Yet these are all fair questions during the interview. Don't get me wrong - I BELIEVE that these are fair questions, and I ask them myself: even if you don't need to code hashtables every day, it still helps to know how they work.

For example, I ran into a situation at a hiring committee at Google where an interviewer was unhappy that the interviewee could not find an O(1) solution to a problem that - as far as I was concerned - did not have one. When I asked how exactly could one solve it in O(1) time, the person said - why, by using a hash, of course! Put a person who is convinced that a hash always exhibits O(1) performance on an OS component, and you are in for a number of interesting and intractable performance bugs down the road.
So knowing algorithms and data structures well is very important, but our jobs are not preparing us for that. Which is why I found that often hiring a person from college - especially, an elite college - is easier than hiring a person from the industry - they have not yet had time to forget the theory.

Also, knowing the things that are testable in the coding interview - algorithms, design practices, etc - is necessary, but not sufficient for engineering stardom. I've seen - and hired! - a number of people who were fantastic during the interview, but were very ineffective when they needed to deal with a real engineering problem - such as fixing a complex bug in a large system in a way that does not break existing functionality. To this day I have no idea how to do a practical examination of this skill in an interview setting!

Meanwhile, the candidate pool is huge, and the resumes are mostly BS. I once did an experiment. We needed a contractor for web development - AJAX, Javascript, things like that. So I took every person who claimed to be an expert in Web development on the resume that the contract agencies gave me for a standardized test - about 20 people in all. The test was not very advanced. The questions were "What is a closure in Javascript?", "What is the difference between = 'bar'; and = 'bar';", etc - introductory stuff. The best person on the test scored 25%. The average was below 10%.

Therein lies the cornerstone problem of the software industry, which I will summarize thus:

1) Success of a software company is dependent on hiring great people. A star software engineer is an order of magnitude more productive than an average engineer, but costs only marginally more. Thus there is a huge incentive for companies to hire the best of the best.

2) Many qualities of the best of the best engineers are very hard to measure directly. We can test problem solving, knowledge, and design skills during the interview, but we are forced to rely on a candidate's word when it comes to equally important qualifications such as ability to face ambiguity, passion, leadership, and working with others.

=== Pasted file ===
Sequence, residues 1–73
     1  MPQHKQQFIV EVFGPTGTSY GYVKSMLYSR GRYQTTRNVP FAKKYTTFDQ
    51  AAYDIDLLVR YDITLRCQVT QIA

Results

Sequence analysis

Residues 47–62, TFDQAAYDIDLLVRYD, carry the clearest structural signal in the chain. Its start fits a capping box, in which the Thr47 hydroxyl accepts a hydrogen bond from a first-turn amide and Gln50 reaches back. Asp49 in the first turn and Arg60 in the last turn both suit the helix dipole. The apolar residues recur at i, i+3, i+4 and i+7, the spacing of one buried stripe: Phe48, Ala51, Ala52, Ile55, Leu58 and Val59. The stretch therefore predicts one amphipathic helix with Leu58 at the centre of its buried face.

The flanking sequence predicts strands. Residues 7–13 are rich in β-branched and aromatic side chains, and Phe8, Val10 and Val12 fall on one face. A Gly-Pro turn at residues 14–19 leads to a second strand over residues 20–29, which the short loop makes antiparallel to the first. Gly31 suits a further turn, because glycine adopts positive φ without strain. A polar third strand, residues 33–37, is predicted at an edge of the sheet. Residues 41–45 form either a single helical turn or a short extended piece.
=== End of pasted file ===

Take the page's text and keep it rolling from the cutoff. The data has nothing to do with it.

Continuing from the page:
3) There is a huge pool of candidates. The resume databases at the top companies have literally millions of entries. Most of the resumes are "enhanced" for "quality".

4) Vast majority of the candidates are not... well, they are not in the top 10% :-). They may be enough to perform a lot of the jobs adequately, but they are nowhere near the productivity of the best of the best (see #1), and once the job for which they were hired is done, they may not be easily transferable to a different one.

5) Firing someone from a big company requires a lot of work, is a very lengthy process, and so the cost of false positive is very high - both in the company's bottom line as well as in morale of the team.

So... what do we do? How do we even screen the resumes - in a fully meritocratic system that pays no attention to selectivity of the previous places of work or study - given the pure amount of BS in an average sample?

The existing system that relies both on the selectivity of the environment as well as on the interview performance works in the sense that everything else we tried was worse.

After all, I do not ever see anything near the stuff people reported on this thread at work: As a matter of fact, even things worthy of the Daily WTF ( almost never come up - at least as long as you are staying inside MSFT product development teams.

This does not mean that the system cannot be improved further - but how? Your ideas are welcome in the comments.

Monday, November 21, 2011

How to clean up the Internet (via Reddit)

"She tells me one day her husband is a really great guy because he spends his free time helping to "clean up the internet."
I ask her what she means and she told me she found a bunch of porn in husbands web browser history. He informed her that he goes to porn sites to download the porn off of the internet servers onto his computer so that he can delete it. Apparently there's a lot of porn on the internet, but he was trying to do what he could to remove as much of it as possible - for the children and all...

She actually believes that he is doing this and uses it as a bragging point to show what a great guy her husband is in conversations."

Friday, November 18, 2011

How to sign device drivers with a test certificate

This: has a long, unwieldy explanation.

Here is a much simpler, step-by-step protocol:
1) Run the following from an elevated CMD window (RunAs Administrator):
    bcdedit /set testsigning on
    bcdedit /set nointegritychecks on
2) Reboot
3) Make a certificate. From a DDK command line window, type:
    makecert -r -pe -ss MyTestCertStore -n "CN=MyTestCert" mytestcert.cer
4) From an elevated CMD window
    certmgr -add mytestcert.cer -s -r localmachine root